"Last week honourable Members heard Mr. Kosygin propose that we should now proceed towards a Treaty of friendship and peaceful co-operation between our two countries. We have accepted this proposal and we look forward to negotiations leading to the conclusion of a Treaty which, in addition to its other positive advantages, can provide the framework within which all the kinds of bilateral contact I have mentioned can be developed.

"It has always been our position—and the Soviet Government fully understand this—that we remain loyal to all our alliances and obligations, as they do to theirs. But at the same time, our past historical ties with the Soviet Union and the mutual interests of the two countries make it possible for us to hold out a hand of friendship to them in this way without any derogation from our existing international commitments and loyalties.

"It is on the success of our discussions of our bilateral interests that we were able to build in approaching the wider international problems. For many, many hours, during formal working sessions and indeed long into the night, we discussed with the utmost frankness some of the outstanding problems—and dangers—the world is facing.

"The House will have seen that we recorded our satisfaction with recent progress towards the conclusion of a non-proliferation agreement and we emphasised the paramount urgency of bringing this to a speedy completion.

"Honourable Members will have noted also what we have said about our desire to reach an understanding in the wider field of disarmament—nuclear and conventional—leading to a world agreement on general and complete disarmament.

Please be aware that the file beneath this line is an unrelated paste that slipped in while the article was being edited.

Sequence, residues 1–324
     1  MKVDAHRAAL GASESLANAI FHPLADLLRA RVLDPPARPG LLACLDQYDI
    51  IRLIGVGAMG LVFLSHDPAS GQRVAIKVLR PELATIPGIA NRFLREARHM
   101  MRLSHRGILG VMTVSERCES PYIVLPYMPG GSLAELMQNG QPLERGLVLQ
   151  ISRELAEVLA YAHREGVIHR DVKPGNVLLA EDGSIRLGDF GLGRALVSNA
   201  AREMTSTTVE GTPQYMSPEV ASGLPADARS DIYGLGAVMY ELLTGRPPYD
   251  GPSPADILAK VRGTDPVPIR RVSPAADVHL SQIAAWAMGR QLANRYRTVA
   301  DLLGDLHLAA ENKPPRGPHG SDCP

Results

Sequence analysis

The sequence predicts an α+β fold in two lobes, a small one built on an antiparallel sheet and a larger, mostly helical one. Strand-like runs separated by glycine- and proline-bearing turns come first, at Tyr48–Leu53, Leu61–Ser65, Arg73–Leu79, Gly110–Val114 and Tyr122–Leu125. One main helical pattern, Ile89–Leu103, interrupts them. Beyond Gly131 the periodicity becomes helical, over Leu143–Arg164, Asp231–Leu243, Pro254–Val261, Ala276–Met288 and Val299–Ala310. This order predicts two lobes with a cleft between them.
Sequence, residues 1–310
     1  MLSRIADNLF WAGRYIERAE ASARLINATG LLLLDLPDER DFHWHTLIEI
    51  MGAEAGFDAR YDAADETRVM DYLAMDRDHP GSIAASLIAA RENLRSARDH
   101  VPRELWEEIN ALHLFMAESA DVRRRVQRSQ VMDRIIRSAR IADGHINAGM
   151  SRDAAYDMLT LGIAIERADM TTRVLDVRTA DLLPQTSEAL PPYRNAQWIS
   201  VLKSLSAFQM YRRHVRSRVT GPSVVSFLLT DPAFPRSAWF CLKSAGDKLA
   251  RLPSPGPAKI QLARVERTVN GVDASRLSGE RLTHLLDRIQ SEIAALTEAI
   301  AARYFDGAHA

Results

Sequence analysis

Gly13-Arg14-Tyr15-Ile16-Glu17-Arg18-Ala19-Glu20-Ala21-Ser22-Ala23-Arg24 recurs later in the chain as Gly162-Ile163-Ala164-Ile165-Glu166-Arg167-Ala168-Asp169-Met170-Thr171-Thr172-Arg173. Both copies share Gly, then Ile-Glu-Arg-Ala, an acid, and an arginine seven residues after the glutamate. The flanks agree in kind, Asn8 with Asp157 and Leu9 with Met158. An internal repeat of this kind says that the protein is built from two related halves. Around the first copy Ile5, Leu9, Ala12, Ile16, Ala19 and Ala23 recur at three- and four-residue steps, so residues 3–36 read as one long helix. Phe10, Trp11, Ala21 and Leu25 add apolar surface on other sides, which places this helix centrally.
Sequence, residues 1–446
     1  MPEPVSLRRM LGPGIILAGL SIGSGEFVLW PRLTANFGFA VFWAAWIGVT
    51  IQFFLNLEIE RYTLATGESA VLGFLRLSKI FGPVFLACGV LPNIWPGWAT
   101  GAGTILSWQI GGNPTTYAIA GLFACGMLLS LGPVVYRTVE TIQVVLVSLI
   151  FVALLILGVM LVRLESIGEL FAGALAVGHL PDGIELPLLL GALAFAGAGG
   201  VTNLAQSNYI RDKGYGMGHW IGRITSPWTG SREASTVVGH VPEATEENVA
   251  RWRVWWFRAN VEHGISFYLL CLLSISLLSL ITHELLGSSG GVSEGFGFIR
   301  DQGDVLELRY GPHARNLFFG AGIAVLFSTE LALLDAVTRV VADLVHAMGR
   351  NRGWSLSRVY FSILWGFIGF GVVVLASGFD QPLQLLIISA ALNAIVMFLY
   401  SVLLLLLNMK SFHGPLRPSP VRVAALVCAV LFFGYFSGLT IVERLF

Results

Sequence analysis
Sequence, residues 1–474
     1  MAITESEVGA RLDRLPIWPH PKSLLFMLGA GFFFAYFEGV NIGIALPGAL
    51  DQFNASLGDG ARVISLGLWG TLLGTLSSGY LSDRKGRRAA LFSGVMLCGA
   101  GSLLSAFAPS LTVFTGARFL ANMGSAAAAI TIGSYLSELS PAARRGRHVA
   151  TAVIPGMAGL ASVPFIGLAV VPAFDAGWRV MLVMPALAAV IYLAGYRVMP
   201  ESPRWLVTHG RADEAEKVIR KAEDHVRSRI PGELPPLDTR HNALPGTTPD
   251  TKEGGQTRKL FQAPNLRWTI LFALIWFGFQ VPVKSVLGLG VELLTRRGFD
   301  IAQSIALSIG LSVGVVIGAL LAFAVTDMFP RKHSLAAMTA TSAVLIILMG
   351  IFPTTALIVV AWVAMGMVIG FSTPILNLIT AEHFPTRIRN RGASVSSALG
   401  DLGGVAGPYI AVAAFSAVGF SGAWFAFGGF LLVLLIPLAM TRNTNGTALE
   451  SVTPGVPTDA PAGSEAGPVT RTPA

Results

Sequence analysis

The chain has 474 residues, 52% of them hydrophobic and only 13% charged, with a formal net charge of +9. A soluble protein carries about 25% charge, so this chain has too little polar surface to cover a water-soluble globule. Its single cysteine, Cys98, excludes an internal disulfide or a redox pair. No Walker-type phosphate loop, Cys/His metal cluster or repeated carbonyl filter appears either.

"We spent a great deal of time on the question of peace and security in Europe. We made wholly clear to Mr. Kosygin the policy on which we are working with our allies as regards nuclear consultation within NATO. At the same time, we emphasised the intention of our NATO partners and ourselves to develop positive contacts for easing tension within Europe as a whole. And in this context the British and Soviet Governments agreed on the need for closer bilateral relationships between individual Western and Eastern European countries. Our joint statement helps to point the way.

"My right honourable friend the Foreign Secretary and I explained to Mr. Kosygin the purpose of the visits which we are paying to the capitals of the six member countries of the European Economic Community. We emphasised the economic importance of the discussions we are holding there, and particularly the contribution that Britain could make to the greater technological effectiveness of Europe. We also stressed to him that we have in mind political as well as economic objectives. And we explained that one of the main purposes of our approach was not only to strengthen European unity and thereby to help to reduce European tension, and work towards a wider, fuller unity in Europe as a whole, but also to enable Europe to exert a more powerful influence in world affairs.

"We discussed with Mr. Kosygin the proposal to call a conference on European security. We agreed that this could be valuable. But we told him that it was essential that it should be adequately prepared and nothing should be done to detract from the importance of the bilateral method of solving problems and easing tension. Mr. Kosygin also is fully aware of our concern to see that all countries which have a stake in European security must be enabled to play their full part in such a conference.